A MapLevelParts Routine

• To: mathgroup at smc.vnet.net
• Subject: [mg44604] A MapLevelParts Routine
• From: "David Park" <djmp at earthlink.net>
• Date: Mon, 17 Nov 2003 03:38:39 -0500 (EST)
• Sender: owner-wri-mathgroup at wolfram.com

```I've often wanted a routine that would map a function onto a subset of level parts in an expression without affecting the remaining level parts. I don't know of an easy way to do this with regular Mathematica functions. As far as I can tell neither MapAt nor ReplacePart will do this. At best they will map a function onto the individual pieces of a level set of parts. So I came up with the following routine.

MapLevelParts::usage =
"MapLevelParts[function, {topposition, levelpositions}][expr] will map \
the function onto the specified level positions in an expression. \
Levelpositions is a list of the selected parts. The function is applied to \
them as a group and they are replaced with a single new expression. Other \
parts not specified in levelpositions are left unchanged.\nExample:\na + b + \
c + d + e // MapLevelParts[f, {{2,4,5}}] -> a + c + f[b + d + e]";

MapLevelParts[func_,
part : {toppart___Integer?Positive,
subp : {_Integer?Positive, eprest__Integer?Positive}}][expr_] :=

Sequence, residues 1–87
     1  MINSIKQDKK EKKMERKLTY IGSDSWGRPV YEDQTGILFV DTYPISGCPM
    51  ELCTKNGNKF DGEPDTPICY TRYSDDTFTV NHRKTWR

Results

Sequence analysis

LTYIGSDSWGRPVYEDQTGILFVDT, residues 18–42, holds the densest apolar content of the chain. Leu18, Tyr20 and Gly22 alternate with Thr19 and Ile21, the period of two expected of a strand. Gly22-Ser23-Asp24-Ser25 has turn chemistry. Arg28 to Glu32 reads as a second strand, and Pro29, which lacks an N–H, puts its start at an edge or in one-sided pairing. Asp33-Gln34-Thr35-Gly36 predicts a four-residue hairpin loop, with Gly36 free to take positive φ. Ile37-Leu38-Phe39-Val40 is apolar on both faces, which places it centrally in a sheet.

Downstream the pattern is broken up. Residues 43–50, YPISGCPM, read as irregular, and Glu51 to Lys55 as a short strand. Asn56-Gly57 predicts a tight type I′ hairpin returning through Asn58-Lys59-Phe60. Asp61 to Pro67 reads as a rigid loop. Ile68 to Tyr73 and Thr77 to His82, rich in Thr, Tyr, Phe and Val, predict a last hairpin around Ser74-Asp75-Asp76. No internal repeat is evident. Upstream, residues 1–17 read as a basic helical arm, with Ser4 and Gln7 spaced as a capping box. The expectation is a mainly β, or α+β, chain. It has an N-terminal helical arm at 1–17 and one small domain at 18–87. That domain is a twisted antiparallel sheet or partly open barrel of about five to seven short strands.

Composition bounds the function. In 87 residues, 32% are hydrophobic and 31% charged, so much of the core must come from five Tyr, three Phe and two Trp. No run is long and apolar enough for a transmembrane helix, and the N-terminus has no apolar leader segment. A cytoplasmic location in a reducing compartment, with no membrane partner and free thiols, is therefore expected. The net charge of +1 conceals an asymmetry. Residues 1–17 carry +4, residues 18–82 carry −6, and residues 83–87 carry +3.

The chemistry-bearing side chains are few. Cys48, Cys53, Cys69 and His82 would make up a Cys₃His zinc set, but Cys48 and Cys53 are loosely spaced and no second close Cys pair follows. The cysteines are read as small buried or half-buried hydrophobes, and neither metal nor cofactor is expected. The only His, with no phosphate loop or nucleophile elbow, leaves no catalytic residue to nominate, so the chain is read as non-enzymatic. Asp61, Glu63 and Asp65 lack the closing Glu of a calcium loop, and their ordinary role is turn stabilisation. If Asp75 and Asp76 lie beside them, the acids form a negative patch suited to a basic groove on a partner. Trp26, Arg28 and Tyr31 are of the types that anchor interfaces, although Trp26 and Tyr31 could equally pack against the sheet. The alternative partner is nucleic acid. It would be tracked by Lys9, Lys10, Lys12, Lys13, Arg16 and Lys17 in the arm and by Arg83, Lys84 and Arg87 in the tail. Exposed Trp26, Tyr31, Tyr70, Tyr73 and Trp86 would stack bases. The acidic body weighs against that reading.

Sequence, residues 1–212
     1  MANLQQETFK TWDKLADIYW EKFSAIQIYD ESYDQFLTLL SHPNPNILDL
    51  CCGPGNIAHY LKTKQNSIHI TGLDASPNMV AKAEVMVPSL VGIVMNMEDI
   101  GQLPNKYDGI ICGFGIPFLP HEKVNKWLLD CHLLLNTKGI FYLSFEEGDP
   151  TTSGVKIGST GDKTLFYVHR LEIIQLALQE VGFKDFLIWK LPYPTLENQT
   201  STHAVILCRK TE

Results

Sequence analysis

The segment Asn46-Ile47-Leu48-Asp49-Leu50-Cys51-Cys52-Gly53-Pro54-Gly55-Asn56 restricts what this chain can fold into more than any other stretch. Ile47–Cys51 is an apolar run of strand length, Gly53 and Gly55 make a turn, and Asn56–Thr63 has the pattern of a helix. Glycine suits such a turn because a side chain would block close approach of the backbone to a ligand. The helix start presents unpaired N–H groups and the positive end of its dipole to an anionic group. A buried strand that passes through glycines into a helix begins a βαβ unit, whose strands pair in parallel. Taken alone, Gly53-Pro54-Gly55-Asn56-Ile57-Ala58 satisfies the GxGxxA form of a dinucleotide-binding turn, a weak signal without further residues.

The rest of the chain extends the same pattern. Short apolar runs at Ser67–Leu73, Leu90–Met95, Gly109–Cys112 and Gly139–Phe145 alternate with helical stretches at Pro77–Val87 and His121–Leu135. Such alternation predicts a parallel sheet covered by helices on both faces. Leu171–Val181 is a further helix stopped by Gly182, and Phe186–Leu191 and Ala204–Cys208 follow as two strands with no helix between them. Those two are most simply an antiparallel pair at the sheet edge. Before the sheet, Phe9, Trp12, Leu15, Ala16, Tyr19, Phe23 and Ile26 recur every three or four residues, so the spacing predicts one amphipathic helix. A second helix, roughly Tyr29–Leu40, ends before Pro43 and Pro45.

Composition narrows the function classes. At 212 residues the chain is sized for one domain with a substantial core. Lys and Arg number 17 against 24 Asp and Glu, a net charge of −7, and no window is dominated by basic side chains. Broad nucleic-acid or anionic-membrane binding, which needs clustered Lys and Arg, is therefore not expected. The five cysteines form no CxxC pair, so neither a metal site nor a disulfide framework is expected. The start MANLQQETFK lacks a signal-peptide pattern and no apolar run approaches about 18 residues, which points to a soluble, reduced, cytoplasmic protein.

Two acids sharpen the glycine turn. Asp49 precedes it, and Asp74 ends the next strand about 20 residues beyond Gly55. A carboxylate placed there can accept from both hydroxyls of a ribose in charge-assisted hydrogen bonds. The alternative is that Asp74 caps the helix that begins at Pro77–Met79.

Module[{work, subparts, npos, null, i, nnull = Length[{eprest}]},
work = func@Part[expr, Sequence @@ part];
newparts = {work, Table[null[i], {i, 1, nnull}]} // Flatten;
npos = Partition[Range[nnull + 1], 1];
ReplacePart[expr, newparts, subparts, npos] /. null[_] -> Sequence[]
]

The indexed nulls were necessary to keep them from combining in expressions. Try Sequence[]^2 or 2 Sequence[].

Examples:

a + b + c + d + e // MapLevelParts[f, {{2, 4, 5}}]
a + c + f[b + d + e]

a b c d e // MapLevelParts[f, {{1, 4, 5}}]
b c f[a d e]

g[a + b + c + d + e] // MapLevelParts[f, {1, {2, 4}}]
g[a + c + e + f[b + d]]

{a, b, c, d, e} // MapLevelParts[f @@ # &, {{2, 5}}]
{a, f[b, e], c, d}

Of course, these are simple examples that could be done with replacement rules. But suppose in the following expression q was actually a long expression and furthermore that it was formatted so you couldn't copy it and didn't what to type it in. Then you might not want to use a replacement rule or Collect. But you could still factor the subset of terms.

a + b/(1 + a q + b + c q + d + f q);
% // MapLevelParts[Factor, {2, 2, 1, {4, 5, 6}}]
a + b/(1 + b + d + a*q + c*q + f*q)
a + b/(1 + b + d + (a + c + f)*q)

Maybe someone can show me a simple way to do this with regular Mathematica. Otherwise I think it would be nice if Mathematica had a routine like this.

David Park